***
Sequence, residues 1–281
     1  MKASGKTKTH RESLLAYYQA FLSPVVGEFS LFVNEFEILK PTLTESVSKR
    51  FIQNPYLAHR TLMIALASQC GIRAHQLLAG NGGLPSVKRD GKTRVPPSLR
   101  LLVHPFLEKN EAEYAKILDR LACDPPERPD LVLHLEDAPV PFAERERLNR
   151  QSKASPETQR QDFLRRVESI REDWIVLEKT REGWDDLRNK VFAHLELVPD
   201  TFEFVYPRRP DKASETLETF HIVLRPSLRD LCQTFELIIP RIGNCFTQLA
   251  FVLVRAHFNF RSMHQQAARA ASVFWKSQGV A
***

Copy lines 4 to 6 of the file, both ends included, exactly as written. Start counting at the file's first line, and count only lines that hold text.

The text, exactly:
   101  LLVHPFLEKN EAEYAKILDR LACDPPERPD LVLHLEDAPV PFAERERLNR
   151  QSKASPETQR QDFLRRVESI REDWIVLEKT REGWDDLRNK VFAHLELVPD
   201  TFEFVYPRRP DKASETLETF HIVLRPSLRD LCQTFELIIP RIGNCFTQLA